Why Can’t I Get Anything Done?
People are working from home, but can’t concentrate. And it’s not the kids or the dog.
The last remnants of an analogue social life have been yanked away. For now at least. Of course, we’ve been replacing face-to-face communications with digital devices for a while now. But no one fully understood the privilege of real-world social encounters, until now.
When the lockdowns first started, many people were secretly pleased. They could get more done, save time for reading, or maybe take an online course. Those jobs where people could work from home were revered – wouldn’t it be great not having to commute!
Yet people are struggling. Our survey of workers new to working from home has discovered a pattern of idleness and inactivity. Why are people struggling to concentrate and get anything done?
There’s a lot of advice out there about avoiding distractions when working from home. The shrill of kids playing and barking dogs makes it difficult to get much done. But it’s not all about distractions. The fog of apathy is usually caused by anxiety. Everyone knows there’s a silent killer out there – but no-one knows how it will end.
According to psychologist Dan Grupe from the University of Wisconsin-Madison: “Uncertainty diminishes how efficiently and effectively we can prepare for the future.” Uncertainty fuels anxiety.
He goes on to say, “Unpredictable threat cues produce anxious risk assessment behaviour that is likely to persist until such uncertainty is resolved”.
Mary, a legal clerk from Brisbane, fits Dr Grupe’s explanation: “I just feel so unfulfilled at the end of the day, always doing less than I had planned. I keep thinking about what might happen.”
Some people are more affected by anxiety than others:
“It’s not just my work – I’m finding it hard to finish watching a movie! Never mind my plans to practice guitar. I’m actually falling behind” says Michael, a marketing assistant from Melbourne.
Anxiety doesn’t always induce apathy. In fact, a moderate amount of anxiety is good for performance. But it’s a ‘U’ shaped curve. Anxiety boosts our alertness up to a point before it begins to erode performance.
The problem starts when anxiety is too high or sustained over long periods. The result is restlessness, irritability, and procrastination. Eventually it leads to poor coping strategies, and messes with people’s ability to control their emotions. Animal researchers have observed strange behaviours when animals suffer sustained anxiety, including bite tendencies and compulsive licking. If you corner a stressed animal, they snap.
Strategies to Get Back Your Concentration
The dominant theory for why anxiety ruins our concentration suggests that anxiety uses up thought capacity by hogging brain resources. Our minds tend to wander to the same thoughts over and over, making it difficult to concentrate.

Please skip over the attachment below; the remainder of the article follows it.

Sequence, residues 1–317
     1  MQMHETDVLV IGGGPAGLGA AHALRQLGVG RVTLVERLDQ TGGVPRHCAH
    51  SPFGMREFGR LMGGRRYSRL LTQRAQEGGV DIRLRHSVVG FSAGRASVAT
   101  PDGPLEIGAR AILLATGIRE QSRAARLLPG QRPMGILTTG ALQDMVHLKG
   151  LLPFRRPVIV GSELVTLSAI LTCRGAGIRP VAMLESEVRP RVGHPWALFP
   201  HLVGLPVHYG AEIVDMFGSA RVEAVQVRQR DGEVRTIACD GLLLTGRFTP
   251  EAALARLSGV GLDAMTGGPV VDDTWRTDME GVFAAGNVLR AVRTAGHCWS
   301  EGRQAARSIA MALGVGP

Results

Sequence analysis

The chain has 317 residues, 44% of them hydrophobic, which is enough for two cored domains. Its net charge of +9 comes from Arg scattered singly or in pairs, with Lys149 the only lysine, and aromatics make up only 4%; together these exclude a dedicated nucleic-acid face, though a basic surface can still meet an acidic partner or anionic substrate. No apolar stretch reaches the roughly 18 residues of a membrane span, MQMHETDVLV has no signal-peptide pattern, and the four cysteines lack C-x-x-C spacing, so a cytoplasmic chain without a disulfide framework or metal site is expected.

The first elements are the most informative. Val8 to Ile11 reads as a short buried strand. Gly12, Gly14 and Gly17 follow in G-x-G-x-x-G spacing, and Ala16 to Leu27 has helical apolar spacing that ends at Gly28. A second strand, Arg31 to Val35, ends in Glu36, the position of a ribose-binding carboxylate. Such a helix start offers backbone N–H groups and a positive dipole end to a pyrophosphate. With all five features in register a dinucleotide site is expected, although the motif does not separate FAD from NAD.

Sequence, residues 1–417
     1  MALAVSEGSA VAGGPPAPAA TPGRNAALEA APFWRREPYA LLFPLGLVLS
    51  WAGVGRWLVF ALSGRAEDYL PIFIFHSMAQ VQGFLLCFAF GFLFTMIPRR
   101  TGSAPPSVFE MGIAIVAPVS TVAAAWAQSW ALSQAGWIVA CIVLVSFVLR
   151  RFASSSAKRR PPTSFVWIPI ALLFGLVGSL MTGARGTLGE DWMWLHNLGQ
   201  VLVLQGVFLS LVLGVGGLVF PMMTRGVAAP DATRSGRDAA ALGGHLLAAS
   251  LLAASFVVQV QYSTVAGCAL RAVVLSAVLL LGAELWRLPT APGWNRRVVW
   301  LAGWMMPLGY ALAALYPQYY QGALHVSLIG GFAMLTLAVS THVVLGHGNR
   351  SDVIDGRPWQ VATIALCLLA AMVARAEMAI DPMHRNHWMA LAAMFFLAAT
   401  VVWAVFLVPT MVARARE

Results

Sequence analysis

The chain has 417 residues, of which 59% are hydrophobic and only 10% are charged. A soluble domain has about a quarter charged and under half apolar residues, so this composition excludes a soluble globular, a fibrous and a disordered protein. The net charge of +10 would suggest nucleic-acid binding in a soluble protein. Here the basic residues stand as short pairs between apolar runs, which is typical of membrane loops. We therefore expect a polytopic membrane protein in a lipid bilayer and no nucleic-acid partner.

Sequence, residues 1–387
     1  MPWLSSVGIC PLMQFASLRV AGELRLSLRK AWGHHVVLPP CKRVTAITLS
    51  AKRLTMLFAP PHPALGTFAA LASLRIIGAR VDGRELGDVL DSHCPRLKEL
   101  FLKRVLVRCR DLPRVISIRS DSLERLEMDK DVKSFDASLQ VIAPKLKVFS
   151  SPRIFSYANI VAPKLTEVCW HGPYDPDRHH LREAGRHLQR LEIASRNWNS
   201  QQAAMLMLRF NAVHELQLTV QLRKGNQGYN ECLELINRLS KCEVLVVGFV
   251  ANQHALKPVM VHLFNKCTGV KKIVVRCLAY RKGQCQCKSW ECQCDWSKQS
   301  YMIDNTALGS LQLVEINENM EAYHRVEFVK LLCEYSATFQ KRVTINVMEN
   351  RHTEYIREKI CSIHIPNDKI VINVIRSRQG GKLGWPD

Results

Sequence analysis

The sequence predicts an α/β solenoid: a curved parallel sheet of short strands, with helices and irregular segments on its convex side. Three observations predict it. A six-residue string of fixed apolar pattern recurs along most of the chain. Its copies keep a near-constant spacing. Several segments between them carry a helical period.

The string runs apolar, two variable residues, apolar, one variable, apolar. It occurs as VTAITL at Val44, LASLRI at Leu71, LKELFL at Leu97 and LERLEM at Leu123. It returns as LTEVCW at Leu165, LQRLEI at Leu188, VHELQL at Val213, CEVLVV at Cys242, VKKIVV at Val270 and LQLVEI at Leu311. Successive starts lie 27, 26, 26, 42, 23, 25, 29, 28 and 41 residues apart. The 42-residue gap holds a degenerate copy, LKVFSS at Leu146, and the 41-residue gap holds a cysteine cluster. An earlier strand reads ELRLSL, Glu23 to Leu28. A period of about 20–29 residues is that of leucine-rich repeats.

We can’t remove our uncertainty, but we can try to control our thoughts.
Think comparative thoughts.
People have a natural tendency to focus on the bad, and overestimate how likely a bad thing will happen to them. Thinking positive thoughts helps reduce anxiety, but it’s not easy when you’re constantly reminded of COVID-19 on the news.
One strategy to deal with our tendency to focus on the bad is to put things in perspective. Some people find that watching prison or war documentaries helps blunt the sharpness of their own predicaments. Others make a list of everything that’s good in their lives and compare it with the bad.
According to John Hopkins University data, the recorded mortality rate of COVID-19 in some countries could be over 10%. But remember that on average 90% of people who catch coronavirus survive, which doesn’t sound as bad as the Spanish flu which had a mortality rate of 50%. Making a habit of comparing your thoughts to more extreme circumstances helps you to keep things in perspective.
Humans are social animals, and it seems we’ve been forced into isolation. But we’re not completely blocked from being social. We can converse with others online, or even in pairs when exercising. One strategy that clinical psychologists use to help anxiety sufferers is getting them to express their ideals, values, convictions, identifications, and meanings. Expressing your feelings to others reduces the sting of those thoughts that are troubling you the most.
Use your social time to share your feelings and concerns, and you’ll soon find it easier to put those troubling thoughts aside.
Tackling the easy tasks first.
One of the unusual things about anxiety is that although it can impair your ability to concentrate, it can also improve the performance of habitual tasks that don’t require much thinking.
Divide your day into easy tasks and hard tasks. Get the easy tasks done first, or if you find yourself struggling on the hard tasks switch to the easy tasks. Feeling like you’re getting stuff done gives you a sense of purpose – and feeling a sense of purpose makes you feel more in control, reducing anxiety.
It’s a cliché: a healthy body makes a healthy mind. But it also reduces anxiety. There’s a tendency for people in lockdown to drink more alcohol, stay up later, and forgo exercise. But each of these contributes to anxiety, worsening your ability to concentrate. Try to set a healthy routine, and push yourself to get outside each day.
We are our own enemy
Silent threats attack by proxy. Catching COVID-19 will most likely put you off your work for a while. But so will merely thinking about catching it.
In ancient times the purpose of anxiety was to help us deal with predators. Anxiety energised us to fight or run away. But problems like COVID-19 are not something we can easily run away from. A small percentage of the world will unfortunately catch the virus. But many more will suffer from their thoughts.